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CROSSHIRE:

BUSINESS AT ANY COST?

Last month I mentioned how our erstwhile employee, Young Arnold, had re-located and secured employment with one of the larger multiple depot hirers. Well, he rang me the other evening to say he had jacked in his new job! He was continually asked to bend rules and turn a blind eye to certain situations he had been trained to recognise as bad practice or, even worse, dangerous. His employer had shedloads of manuals and regulations covering every process, doubtless costing a fortune, but pressure on staff to get kit out meant they might just as well have put The Beano on the shelf.

Young Arnold claimed his manager routinely authorised the issue of equipment that was not properly serviced or had essential components either missing or replaced with unsuitable substitutes. Amazingly, the company’s biggest competitive threat was perceived as coming not from any switched-on local independent, but from the two nearest branches of its own organisation! Colleagues boasted of stealing business from other depots, even though this would doubtless cost their employer more.

Arnold had been sent to deliver tools to jobs that were much closer to other depots, just to keep his manager’s figures looking good. Sod the environment when you can send your poorly serviced, smoke belching truck an unnecessary 30 miles just to keep performance on budget. They also told him to list machines that were ready for hire as being ‘under repair’ on the computer system, so that depots looking for stock transfer could not get them. Arnold had had enough.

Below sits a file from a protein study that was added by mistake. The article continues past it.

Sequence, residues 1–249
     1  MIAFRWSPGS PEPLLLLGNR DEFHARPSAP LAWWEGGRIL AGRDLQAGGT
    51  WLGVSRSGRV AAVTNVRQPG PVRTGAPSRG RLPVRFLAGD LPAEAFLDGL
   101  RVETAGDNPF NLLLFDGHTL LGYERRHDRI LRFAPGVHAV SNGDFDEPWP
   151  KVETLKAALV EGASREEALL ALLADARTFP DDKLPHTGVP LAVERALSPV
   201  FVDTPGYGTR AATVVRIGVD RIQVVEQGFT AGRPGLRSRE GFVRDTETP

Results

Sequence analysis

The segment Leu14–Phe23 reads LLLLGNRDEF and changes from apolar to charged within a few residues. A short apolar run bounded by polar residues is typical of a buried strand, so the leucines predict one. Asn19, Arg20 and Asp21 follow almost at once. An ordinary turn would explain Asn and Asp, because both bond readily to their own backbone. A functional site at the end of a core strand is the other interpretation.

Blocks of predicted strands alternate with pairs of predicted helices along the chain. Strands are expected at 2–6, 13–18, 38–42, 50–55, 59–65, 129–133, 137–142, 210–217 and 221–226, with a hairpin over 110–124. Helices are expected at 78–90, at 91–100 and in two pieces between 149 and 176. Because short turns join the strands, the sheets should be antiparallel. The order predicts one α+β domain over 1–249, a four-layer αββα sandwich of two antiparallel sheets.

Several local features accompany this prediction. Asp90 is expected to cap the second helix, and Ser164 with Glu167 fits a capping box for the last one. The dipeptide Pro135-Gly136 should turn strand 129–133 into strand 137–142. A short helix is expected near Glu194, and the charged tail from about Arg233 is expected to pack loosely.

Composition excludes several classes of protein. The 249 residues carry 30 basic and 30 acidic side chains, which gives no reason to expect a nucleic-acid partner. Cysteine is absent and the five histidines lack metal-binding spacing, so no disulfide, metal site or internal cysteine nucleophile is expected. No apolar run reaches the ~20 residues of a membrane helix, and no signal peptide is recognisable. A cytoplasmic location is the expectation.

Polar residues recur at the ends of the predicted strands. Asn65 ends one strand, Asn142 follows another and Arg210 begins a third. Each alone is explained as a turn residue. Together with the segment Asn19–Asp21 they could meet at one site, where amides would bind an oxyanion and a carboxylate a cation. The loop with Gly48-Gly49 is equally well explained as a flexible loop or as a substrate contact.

The following morning I was on a site and noticed a skip-loading dumper from the local branch of another large national, being used with its folding ROPS frame in the lowered position. I expressed unease about these frames when they were introduced, but they are here to stay, and vigilance is needed to prevent incorrect use. I thought I was doing the site owner a favour by pointing out the error, but was told that our competitor had not supplied any pins to secure the frame in the operating position.

Incredulous, I rang the depot concerned, in the interests of safety and of helping a fellow hirer to be aware of a nasty situation. I assumed they would confirm that pins had been supplied with the machine and that the customer had lost them - a scenario I have encountered myself. But not on your life: the manager stated he had issued the dumper without the locking pins. His excuse was that he was not allowed to purchase any until the following month, but as his figures were poor, he had chanced sending the dumper out anyway. Words like corporate manslaughter passed through my mind, but as he sounded off at me for poking my nose into his business I told him he was a pillock and left it at that.

For my former employee to walk away after one week shows that things must have been bad. It is a damning reflection on how it is ‘business at any cost’ for some, a fact confirmed by my encounter with the dumper hirer. In fairness, I know that many large hire organisations have made great efforts in trying to ensure good standards. Nevertheless, it appears that, to safeguard bonuses or achieve targets, some depot staff are trashing the message preached by their safety and quality guys.

What happens on the ground does not always reflect corporate aspirations. Most independents have a proprietor or partner close enough to the action to prevent staff taking chances. In my own case, personnel do not get paid extra for doing their job properly, but do stand more than a fair chance of reprisals if they ever send out machines not fit for purpose or unsafe. Perhaps large hire groups could copy retail chains, where a main board director tramps the stores as a ‘mystery shopper’, to assess how the grand visions conceived in corporate planning meetings are actually interpreted at the coalface.

Executive Hire NewsArchivesNovember 2006Crosshire › Business at any cost?

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